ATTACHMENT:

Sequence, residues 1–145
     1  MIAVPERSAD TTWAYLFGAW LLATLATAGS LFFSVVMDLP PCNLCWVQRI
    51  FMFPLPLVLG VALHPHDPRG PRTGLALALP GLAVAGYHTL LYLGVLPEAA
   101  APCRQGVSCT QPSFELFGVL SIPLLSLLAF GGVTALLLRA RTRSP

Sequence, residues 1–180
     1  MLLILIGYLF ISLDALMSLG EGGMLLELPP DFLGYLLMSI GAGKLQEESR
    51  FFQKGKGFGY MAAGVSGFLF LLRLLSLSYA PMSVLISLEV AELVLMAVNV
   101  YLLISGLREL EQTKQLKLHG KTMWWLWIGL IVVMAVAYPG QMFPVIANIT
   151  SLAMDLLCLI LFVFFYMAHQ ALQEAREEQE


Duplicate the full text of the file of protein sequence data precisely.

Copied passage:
Sequence, residues 1–145
     1  MIAVPERSAD TTWAYLFGAW LLATLATAGS LFFSVVMDLP PCNLCWVQRI
    51  FMFPLPLVLG VALHPHDPRG PRTGLALALP GLAVAGYHTL LYLGVLPEAA
   101  APCRQGVSCT QPSFELFGVL SIPLLSLLAF GGVTALLLRA RTRSP

Sequence, residues 1–180
     1  MLLILIGYLF ISLDALMSLG EGGMLLELPP DFLGYLLMSI GAGKLQEESR
    51  FFQKGKGFGY MAAGVSGFLF LLRLLSLSYA PMSVLISLEV AELVLMAVNV
   101  YLLISGLREL EQTKQLKLHG KTMWWLWIGL IVVMAVAYPG QMFPVIANIT
   151  SLAMDLLCLI LFVFFYMAHQ ALQEAREEQE